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- CRP, C reactive protein
- DAS, Disease Activity Score
- HDL, high density lipoprotein
- IL, interleukin
- LDL, low density lipoprotein
- RA, rheumatoid arthritis
- TG, triglyceride
- TNFα, tumour necrosis factor α
During the inflammatory response, multiple alterations of the intermediary lipid metabolism occur. These encompass hypertriglyceridaemia and decreased high density lipoprotein (HDL) cholesterol levels and low density lipoprotein (LDL) cholesterol levels.1 Despite the decrease in LDL-cholesterol, the levels of small dense LDL, a particle believed to be proatherogenic, increase during inflammation.1 Thus, the pattern of lipid metabolism during inflammation is proatherogenic, and is believed to contribute to atherosclerosis, especially in chronic inflammatory diseases such as rheumatoid arthritis (RA).1 Tumour necrosis factor α (TNFα) is a proinflammatory cytokine with pronounced effects on lipoprotein metabolism,2 and this cytokine has a major role in the pathogenesis of RA.
Patients with untreated active RA have altered lipoprotein and apolipoprotein patterns that may increase the risk of atherosclerosis.3,4 This is supported by studies showing that mortality among patients with RA is increased, predominantly owing to cardio- and cerebrovascular diseases.4 Moreover, carotid artery intima media thickness, as measured by ultrasound, is increased in patients with RA, suggesting a greater prevalence of subclinical atherosclerosis.5 In addition, C reactive protein (CRP) and interleukin (IL) 6 levels are both raised in patients with active RA, and these acute phase reactants have recently been shown to be associated with cardiovascular risk.6 In patients with RA, treatment with antifolates was shown to raise homocysteine levels, which was also characterised as an independent risk factor for developing cardiovascular disease.7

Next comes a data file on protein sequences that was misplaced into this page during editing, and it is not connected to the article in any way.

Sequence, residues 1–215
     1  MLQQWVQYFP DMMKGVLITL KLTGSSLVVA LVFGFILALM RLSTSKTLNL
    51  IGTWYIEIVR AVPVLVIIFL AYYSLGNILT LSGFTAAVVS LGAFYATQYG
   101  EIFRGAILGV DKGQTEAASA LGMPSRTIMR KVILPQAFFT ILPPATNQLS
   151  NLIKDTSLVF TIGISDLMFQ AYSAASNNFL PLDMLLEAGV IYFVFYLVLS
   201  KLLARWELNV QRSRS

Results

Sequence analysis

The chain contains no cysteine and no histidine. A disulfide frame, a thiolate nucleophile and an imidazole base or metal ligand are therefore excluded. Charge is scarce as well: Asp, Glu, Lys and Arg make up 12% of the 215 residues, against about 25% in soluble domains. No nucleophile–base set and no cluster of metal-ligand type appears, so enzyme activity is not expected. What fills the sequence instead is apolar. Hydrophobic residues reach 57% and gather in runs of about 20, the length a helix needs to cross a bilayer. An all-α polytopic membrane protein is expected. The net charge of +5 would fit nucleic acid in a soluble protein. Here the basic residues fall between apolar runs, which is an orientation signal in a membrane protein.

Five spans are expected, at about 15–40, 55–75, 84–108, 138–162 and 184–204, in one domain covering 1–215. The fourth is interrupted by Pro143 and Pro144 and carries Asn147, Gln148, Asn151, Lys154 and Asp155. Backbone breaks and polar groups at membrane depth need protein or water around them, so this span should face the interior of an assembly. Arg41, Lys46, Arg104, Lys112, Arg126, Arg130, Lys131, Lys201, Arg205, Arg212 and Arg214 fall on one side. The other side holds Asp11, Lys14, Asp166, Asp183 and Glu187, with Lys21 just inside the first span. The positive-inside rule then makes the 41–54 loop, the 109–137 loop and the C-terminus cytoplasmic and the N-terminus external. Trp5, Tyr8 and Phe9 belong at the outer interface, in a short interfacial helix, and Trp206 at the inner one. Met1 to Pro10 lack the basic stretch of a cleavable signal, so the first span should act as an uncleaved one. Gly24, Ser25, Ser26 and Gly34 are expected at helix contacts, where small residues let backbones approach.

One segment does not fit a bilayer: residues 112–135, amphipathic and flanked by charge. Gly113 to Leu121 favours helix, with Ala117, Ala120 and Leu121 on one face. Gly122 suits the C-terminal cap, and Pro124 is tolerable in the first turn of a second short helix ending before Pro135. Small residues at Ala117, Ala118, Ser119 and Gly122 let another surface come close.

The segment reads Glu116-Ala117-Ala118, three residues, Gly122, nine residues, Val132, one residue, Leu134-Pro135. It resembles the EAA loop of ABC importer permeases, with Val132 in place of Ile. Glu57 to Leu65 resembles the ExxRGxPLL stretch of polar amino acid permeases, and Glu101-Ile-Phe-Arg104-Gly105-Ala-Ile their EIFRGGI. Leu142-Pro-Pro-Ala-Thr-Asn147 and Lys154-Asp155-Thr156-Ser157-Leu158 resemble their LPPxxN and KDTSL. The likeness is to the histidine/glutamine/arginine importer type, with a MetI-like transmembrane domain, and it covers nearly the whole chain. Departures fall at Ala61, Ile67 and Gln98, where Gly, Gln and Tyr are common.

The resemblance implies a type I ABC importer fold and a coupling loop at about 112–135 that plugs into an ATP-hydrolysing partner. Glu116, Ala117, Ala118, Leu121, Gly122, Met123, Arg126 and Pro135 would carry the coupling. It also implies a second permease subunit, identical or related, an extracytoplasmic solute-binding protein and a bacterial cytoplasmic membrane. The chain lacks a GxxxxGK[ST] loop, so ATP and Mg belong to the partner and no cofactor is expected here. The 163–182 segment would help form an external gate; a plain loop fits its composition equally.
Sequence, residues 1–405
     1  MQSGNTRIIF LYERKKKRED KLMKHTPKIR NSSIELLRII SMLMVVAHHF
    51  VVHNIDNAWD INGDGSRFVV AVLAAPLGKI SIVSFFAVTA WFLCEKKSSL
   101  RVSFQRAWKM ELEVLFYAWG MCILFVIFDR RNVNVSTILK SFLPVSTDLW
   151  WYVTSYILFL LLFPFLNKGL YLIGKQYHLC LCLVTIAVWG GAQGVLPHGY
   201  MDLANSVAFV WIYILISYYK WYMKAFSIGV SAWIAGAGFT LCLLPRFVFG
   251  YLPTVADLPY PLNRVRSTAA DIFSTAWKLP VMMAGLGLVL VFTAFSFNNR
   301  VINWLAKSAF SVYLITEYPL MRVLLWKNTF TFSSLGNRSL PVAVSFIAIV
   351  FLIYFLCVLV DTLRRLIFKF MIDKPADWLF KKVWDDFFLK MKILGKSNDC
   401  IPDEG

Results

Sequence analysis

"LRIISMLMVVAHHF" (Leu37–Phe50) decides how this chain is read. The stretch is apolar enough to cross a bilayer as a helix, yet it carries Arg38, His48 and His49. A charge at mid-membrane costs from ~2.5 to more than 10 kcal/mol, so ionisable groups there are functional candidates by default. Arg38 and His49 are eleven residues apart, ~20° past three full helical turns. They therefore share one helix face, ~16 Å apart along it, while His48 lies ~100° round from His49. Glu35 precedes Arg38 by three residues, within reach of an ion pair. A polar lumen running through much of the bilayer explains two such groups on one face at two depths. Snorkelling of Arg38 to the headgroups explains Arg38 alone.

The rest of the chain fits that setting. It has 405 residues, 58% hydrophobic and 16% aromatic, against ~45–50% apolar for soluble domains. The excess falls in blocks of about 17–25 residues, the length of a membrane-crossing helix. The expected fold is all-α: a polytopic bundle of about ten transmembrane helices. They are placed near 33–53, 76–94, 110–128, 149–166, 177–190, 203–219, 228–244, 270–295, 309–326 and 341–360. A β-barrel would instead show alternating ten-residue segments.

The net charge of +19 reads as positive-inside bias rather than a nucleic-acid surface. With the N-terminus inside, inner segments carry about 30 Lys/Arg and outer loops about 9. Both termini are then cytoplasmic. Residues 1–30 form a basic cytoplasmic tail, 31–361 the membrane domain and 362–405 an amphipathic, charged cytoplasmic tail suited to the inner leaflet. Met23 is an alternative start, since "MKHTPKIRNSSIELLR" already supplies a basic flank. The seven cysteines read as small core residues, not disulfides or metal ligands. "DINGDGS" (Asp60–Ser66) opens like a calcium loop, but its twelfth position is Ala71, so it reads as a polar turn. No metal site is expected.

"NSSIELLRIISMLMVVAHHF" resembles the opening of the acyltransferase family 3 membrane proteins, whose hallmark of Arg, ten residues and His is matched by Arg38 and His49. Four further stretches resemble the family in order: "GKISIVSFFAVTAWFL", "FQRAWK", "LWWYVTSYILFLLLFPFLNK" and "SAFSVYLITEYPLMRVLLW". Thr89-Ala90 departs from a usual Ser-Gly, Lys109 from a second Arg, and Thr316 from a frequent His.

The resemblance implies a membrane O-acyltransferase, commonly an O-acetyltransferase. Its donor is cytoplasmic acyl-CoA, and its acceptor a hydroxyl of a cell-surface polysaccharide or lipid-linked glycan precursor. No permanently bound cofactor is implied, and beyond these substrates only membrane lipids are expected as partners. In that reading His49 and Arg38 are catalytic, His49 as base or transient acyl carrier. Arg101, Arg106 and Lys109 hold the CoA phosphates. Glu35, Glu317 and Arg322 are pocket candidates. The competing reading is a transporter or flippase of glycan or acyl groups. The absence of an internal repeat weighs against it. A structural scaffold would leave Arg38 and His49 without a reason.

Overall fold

Therapeutic strategies, aimed at TNF neutralisation with monoclonal antibodies or TNF receptor fusion proteins, have been shown to reduce disease activity and structural damage and to improve the quality of life in patients with RA.8 Moreover, blocking TNF results in a rapid decrease of acute phase reactants.9 Given these facts, we asked the question whether anti-TNF treatment would also change the cardiovascular risk profile. To this aim, we assessed the lipid profile and acute reaction markers before and 2 weeks after the first dose of anti-TNF or placebo in patients with active RA enrolled in monotherapy trials with a fully human anti-TNF monoclonal antibody (D2E7, adalimumab, Humira; Abbott Laboratories) at our centre.
PATIENTS AND METHODS
Patients with active RA included in phase I, double blind clinical studies with adalimumab monotherapy at our centre were studied. Patients fulfilled the 1987 American College of Rheumatology criteria, had an active disease as defined by a Disease Activity Score (DAS) >3.2 at baseline, and underwent a washout period for disease modifying antirheumatic drugs of at least 3 weeks before the start of the study. Stable doses of non-steroidal anti-inflammatory drugs and prednisone (<10 mg/day) were allowed during the study. Measurements of the variables studied were made on blood samples collected before the administration of an anti-TNF dose, at baseline and 2 weeks after starting treatment.